Wednesday, January 20, 2016

Adventures at Aravaipa with Dave and Eric

Part III: The Final Deets

When the night before our adventure came, I trucked everything over to Eric’s house so that he could help me pack it into my backpack. Once the pack look nicely stuffed, he held out a bag of couscous.

“What’s that for?”

“I think you have room.” 

He was right. It was the least I could do since he and Dave were carrying most everything else. This became clear once Dave arrived with a pack twice the size of mine and he and Eric started their own packing process. In addition to what I was carrying, they divvied up two tents, a camp stove, food, and I’m not sure what else. My compact little pack was looking quite svelte in comparison. But when I hefted it onto my shoulders, pulled in the straps, and nearly toppled over, I no longer felt guilty. They are men, after all. They can handle the extra weight. Clearly I was at my limit. Silently I wondered if I was really up to this.

Aravaipa Canyon is about twelve miles long. It’s easy to reach from the western end and extremely remote and difficult to reach from the eastern end. Dave and Eric had been to the western end many times since it is only about an hour away from where they live. The eastern end is a different story. There are no direct roads that go from west to east, and the trip to the east end is more than 200 miles away by road. That’s a four-hour drive with the last hour being on dirt. It’s also the prettiest portion of the canyon, and Dave and Eric were eager to see it.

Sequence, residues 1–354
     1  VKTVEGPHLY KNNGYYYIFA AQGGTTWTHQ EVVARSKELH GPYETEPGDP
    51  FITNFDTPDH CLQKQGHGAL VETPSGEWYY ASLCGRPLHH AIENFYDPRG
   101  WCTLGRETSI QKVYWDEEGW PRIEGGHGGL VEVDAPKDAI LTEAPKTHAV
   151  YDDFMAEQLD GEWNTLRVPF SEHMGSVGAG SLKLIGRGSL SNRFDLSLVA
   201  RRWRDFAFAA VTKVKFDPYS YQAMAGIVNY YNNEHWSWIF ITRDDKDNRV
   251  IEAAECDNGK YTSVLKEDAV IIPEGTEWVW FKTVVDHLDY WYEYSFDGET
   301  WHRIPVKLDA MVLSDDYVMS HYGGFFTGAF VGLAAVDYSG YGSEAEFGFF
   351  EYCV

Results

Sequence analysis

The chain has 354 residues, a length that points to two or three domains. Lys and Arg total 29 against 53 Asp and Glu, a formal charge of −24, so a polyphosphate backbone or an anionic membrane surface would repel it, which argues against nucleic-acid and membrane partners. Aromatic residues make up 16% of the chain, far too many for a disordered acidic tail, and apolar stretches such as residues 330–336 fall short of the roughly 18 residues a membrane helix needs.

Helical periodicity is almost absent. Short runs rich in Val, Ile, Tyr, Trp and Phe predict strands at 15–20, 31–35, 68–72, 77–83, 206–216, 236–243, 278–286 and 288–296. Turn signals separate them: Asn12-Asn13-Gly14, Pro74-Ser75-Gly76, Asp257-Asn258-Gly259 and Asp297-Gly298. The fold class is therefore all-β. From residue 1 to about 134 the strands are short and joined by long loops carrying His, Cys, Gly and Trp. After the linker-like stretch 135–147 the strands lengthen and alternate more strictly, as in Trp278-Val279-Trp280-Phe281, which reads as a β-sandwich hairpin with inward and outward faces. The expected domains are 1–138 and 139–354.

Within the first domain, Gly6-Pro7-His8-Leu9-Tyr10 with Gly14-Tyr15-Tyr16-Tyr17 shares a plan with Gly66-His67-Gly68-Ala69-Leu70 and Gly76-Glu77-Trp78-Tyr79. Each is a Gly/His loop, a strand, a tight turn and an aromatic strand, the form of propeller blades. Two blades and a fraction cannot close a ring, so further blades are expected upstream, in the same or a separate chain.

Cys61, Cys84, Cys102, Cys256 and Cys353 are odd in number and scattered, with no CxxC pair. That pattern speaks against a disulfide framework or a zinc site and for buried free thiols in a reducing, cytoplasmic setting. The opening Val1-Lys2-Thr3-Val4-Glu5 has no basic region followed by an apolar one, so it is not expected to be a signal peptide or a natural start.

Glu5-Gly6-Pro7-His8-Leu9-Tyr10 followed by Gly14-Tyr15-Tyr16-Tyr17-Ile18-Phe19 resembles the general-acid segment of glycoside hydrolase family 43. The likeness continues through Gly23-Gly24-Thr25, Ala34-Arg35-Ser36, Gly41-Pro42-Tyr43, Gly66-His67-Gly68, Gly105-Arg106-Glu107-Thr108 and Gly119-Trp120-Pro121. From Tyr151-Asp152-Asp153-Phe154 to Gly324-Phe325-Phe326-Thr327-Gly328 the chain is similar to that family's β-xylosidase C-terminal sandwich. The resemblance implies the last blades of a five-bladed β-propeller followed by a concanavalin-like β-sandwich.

So their plan was to have Eric’s parents drive us to the trailhead at the east end and drop us off. We would spend the first night at the trail head, then take the next two days backpacking through to the west end where Eric’s parents would pick us up. This was an extremely generous offer made by Eric’s parents, and I felt a little guilty about it. But they seemed keen on the adventure, so who was I to feel guilty?


Nadine M. Rosin said...

Millet takes up a lot less space than couscous!

Dave Nevins said...

Ahh, the memories! Great stories. Thanks for sharing.